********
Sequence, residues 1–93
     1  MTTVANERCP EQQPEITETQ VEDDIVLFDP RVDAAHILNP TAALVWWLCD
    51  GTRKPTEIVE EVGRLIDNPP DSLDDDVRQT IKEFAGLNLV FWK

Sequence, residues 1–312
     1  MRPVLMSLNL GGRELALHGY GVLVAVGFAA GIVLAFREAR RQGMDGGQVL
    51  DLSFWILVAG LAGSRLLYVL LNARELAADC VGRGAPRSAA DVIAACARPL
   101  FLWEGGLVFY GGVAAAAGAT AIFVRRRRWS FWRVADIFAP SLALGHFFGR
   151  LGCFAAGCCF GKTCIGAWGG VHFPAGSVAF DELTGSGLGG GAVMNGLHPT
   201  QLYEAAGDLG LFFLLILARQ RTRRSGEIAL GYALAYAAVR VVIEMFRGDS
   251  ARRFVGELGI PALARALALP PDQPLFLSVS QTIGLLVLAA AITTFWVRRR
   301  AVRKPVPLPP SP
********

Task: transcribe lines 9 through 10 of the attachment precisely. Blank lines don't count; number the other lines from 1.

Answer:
   201  QLYEAAGDLG LFFLLILARQ RTRRSGEIAL GYALAYAAVR VVIEMFRGDS
   251  ARRFVGELGI PALARALALP PDQPLFLSVS QTIGLLVLAA AITTFWVRRR